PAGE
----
#MeToo side effects: Life gets harder for women across Wall Street
New Delhi : Men at the Wall Street are adopting a different set of strategies to combat #MeToo era, started on social media.
Among the new tactics, some are "No more dinners with female colleagues. Don't sit next to them on flights. Book hotel rooms on different floors. Avoid one-on-one meetings." The adaptations by men are only making life of women at the wall street harder.
Call it the Pence Effect, after U.S. Vice President Mike Pence, who has said he avoids dining alone with any woman other than his wife. In finance, the overarching impact can be, in essence, gender segregation.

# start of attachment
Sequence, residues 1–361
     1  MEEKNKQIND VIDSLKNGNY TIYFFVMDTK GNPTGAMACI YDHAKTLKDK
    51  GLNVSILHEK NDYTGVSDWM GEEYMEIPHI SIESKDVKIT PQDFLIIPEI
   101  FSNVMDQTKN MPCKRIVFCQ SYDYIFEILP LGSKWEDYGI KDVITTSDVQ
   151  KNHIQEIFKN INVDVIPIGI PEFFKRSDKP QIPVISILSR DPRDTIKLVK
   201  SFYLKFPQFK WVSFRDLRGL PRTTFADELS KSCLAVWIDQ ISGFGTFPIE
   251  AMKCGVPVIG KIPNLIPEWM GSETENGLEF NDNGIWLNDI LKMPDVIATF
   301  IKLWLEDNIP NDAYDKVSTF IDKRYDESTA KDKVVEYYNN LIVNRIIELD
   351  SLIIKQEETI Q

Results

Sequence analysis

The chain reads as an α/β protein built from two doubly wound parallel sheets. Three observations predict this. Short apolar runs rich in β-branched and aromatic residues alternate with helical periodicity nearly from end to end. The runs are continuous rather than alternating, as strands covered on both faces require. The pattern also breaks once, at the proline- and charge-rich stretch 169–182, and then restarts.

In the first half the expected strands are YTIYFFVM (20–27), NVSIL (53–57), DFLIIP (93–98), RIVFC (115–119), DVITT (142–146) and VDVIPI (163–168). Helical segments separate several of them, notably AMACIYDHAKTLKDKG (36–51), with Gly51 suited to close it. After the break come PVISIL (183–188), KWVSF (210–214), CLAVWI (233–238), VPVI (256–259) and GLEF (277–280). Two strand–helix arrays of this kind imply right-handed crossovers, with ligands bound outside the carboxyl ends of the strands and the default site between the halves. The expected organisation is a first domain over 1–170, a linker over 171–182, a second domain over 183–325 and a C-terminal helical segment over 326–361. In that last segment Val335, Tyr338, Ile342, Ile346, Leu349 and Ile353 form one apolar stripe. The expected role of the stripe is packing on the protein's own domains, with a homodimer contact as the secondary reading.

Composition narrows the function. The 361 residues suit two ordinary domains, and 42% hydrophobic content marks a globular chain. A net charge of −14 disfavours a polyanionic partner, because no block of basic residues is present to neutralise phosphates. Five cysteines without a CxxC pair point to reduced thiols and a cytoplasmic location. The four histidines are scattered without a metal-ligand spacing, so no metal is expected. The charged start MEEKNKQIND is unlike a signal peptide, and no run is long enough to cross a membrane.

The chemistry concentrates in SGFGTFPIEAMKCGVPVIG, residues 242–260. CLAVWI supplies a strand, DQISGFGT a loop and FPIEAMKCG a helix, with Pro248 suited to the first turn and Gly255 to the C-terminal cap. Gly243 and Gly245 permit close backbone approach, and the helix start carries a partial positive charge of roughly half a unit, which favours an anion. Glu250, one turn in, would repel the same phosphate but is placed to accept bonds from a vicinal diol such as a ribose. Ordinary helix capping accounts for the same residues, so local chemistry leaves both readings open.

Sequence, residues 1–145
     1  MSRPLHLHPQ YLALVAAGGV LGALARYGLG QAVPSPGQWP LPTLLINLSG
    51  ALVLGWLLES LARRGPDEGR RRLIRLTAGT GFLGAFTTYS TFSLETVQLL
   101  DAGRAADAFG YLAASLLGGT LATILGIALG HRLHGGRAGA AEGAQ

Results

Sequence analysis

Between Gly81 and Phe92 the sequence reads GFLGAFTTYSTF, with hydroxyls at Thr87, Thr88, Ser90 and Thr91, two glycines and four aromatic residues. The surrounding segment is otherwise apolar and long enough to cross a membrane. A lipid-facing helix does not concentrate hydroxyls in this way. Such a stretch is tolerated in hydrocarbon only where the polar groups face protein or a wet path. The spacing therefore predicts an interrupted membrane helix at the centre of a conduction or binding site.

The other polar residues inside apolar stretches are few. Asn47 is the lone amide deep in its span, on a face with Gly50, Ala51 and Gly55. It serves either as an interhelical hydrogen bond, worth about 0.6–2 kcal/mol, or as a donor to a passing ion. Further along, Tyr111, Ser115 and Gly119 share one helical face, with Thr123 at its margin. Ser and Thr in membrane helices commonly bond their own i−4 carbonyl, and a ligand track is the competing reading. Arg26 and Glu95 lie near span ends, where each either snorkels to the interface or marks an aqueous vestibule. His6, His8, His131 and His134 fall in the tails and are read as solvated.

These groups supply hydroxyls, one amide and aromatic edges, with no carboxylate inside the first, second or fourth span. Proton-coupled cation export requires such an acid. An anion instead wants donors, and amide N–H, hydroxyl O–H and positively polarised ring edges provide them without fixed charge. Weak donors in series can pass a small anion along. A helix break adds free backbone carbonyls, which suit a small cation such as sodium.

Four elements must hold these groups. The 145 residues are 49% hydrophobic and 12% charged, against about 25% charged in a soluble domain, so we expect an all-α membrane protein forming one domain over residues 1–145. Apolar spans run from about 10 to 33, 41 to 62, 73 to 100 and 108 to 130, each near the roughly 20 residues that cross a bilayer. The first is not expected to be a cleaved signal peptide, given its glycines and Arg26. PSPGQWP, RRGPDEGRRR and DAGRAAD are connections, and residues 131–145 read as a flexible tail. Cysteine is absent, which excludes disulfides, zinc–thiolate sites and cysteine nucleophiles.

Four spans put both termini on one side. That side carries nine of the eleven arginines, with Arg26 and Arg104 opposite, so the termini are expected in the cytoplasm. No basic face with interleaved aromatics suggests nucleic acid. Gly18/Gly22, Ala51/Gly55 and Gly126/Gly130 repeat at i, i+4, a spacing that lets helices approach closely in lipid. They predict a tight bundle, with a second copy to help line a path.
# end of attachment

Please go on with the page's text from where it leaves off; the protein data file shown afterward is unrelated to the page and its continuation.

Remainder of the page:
In fact, as a wealth adviser put it, just hiring a woman these days is "an unknown risk." What if she took something he said the wrong way?
In this charged environment, the question is how the response to me #MeToo might actually end up hurting women's progress. Given the male dominance in Wall Street's top jobs, one of the most pressing consequences for women is the loss of male mentors who can help them climb the ladder.
"There aren't enough women in senior positions to bring along the next generation all by themselves," said Lisa Kaufman, chief executive officer of LaSalle Securities. "Advancement typically requires that someone at a senior level knows your work, gives you opportunities and is willing to champion you within the firm. It's hard for a relationship like that to develop if the senior person is unwilling to spend one-on-one time with a more junior person."
Men have to step up, she said, and "not let fear be a barrier."